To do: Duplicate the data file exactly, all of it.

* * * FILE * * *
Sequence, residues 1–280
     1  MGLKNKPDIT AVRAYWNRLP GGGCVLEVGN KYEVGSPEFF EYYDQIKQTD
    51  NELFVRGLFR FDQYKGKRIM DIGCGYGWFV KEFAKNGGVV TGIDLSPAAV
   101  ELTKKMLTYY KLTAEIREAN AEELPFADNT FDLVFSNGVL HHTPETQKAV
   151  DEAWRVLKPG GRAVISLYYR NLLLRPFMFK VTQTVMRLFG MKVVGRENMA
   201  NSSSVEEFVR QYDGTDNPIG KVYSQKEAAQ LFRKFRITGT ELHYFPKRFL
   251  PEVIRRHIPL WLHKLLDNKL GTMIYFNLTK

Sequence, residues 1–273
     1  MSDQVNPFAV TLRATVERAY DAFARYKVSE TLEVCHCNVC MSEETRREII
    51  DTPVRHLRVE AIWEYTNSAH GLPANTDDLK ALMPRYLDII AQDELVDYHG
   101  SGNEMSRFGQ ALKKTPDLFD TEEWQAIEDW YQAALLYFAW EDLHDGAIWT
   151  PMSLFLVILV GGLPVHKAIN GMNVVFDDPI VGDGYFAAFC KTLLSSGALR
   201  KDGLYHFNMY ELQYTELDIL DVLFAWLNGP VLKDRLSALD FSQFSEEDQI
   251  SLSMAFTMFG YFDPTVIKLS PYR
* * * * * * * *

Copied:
Sequence, residues 1–280
     1  MGLKNKPDIT AVRAYWNRLP GGGCVLEVGN KYEVGSPEFF EYYDQIKQTD
    51  NELFVRGLFR FDQYKGKRIM DIGCGYGWFV KEFAKNGGVV TGIDLSPAAV
   101  ELTKKMLTYY KLTAEIREAN AEELPFADNT FDLVFSNGVL HHTPETQKAV
   151  DEAWRVLKPG GRAVISLYYR NLLLRPFMFK VTQTVMRLFG MKVVGRENMA
   201  NSSSVEEFVR QYDGTDNPIG KVYSQKEAAQ LFRKFRITGT ELHYFPKRFL
   251  PEVIRRHIPL WLHKLLDNKL GTMIYFNLTK

Sequence, residues 1–273
     1  MSDQVNPFAV TLRATVERAY DAFARYKVSE TLEVCHCNVC MSEETRREII
    51  DTPVRHLRVE AIWEYTNSAH GLPANTDDLK ALMPRYLDII AQDELVDYHG
   101  SGNEMSRFGQ ALKKTPDLFD TEEWQAIEDW YQAALLYFAW EDLHDGAIWT
   151  PMSLFLVILV GGLPVHKAIN GMNVVFDDPI VGDGYFAAFC KTLLSSGALR
   201  KDGLYHFNMY ELQYTELDIL DVLFAWLNGP VLKDRLSALD FSQFSEEDQI
   251  SLSMAFTMFG YFDPTVIKLS PYR